By Louis Dejeu-Castang
“The introduction of the Legal Aid, Sentencing and Punishment of Offenders Act 2012 (LASPO) together with local authority funding cuts has created an adverse environment which has resulted in half of the law centres or agencies offering free legal advice being closed”. This striking statistic highlights the severity of the crisis facing access to justice in the UK. It highlights a void wherein the vital legal information, that used to be supplied by law centres, is no longer reaching those that need it most. To many, access to justice is now considered a luxury as opposed to a human right. However, technology, in spite of its power to connect, has several attributes that make it seem a poor tool for rectifying this problem. Continue reading “Technology: Tool or Barrier to Access to Justice”
By Abe Chauhan
This essay was awarded third place in UCL CAJ SPBC writing competition to answer the question: “Technology is a useful tool for furthering access to justice”.
Many are heralding a new era of ‘posthuman governance’ in which complex social issues are ‘deconstructed into neatly defined, structured and well-scoped problems that can be solved algorithmically’. However, new technologies are not neutral and egalitarian tools but human creations and their effects on access to justice depend on the way in which they are designed, deployed and operated by public authorities. Promises of a digital technocracy disguise ruthless cost-cutting measures which will likely perpetuate structural injustice and worsen access to justice. In particular, the digitisation of courts and tribunals could introduce access barriers and offend principles of natural justice (Part II) and automated decision-making (“ADM”) systems look set to outpace the development of traditional judicial review doctrines with the result that claimants’ rights may become materially unenforceable before the courts (Part III). As long as technological solutions are developed to prioritise efficiency in monetary terms, access to justice will continue to be under threat.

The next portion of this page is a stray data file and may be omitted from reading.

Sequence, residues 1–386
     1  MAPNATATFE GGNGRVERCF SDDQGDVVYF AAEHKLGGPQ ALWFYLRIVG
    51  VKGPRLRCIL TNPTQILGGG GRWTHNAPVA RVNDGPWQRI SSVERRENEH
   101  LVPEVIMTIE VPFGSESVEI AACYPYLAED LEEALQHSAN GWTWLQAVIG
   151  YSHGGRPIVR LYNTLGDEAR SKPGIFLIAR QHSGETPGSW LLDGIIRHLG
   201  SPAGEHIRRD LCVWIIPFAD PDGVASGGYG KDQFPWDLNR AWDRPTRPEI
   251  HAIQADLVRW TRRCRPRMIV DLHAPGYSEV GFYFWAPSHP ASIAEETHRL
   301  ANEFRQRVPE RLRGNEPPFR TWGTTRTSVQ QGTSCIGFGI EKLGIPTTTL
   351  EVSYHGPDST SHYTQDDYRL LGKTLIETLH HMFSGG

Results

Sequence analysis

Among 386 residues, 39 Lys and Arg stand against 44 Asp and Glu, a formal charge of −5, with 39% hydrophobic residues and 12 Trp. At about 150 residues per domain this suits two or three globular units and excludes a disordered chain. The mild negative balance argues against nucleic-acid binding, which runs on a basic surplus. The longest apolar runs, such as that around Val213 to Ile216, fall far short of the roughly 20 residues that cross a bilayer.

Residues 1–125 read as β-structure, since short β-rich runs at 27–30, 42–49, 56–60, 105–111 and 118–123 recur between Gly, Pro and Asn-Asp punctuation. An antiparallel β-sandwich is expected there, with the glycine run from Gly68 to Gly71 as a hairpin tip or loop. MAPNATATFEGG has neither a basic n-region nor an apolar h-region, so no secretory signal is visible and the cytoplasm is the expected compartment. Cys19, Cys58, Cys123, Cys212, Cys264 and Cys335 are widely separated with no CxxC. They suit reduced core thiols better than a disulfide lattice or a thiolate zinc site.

Continue reading “The Threat of Technology to Access to Justice”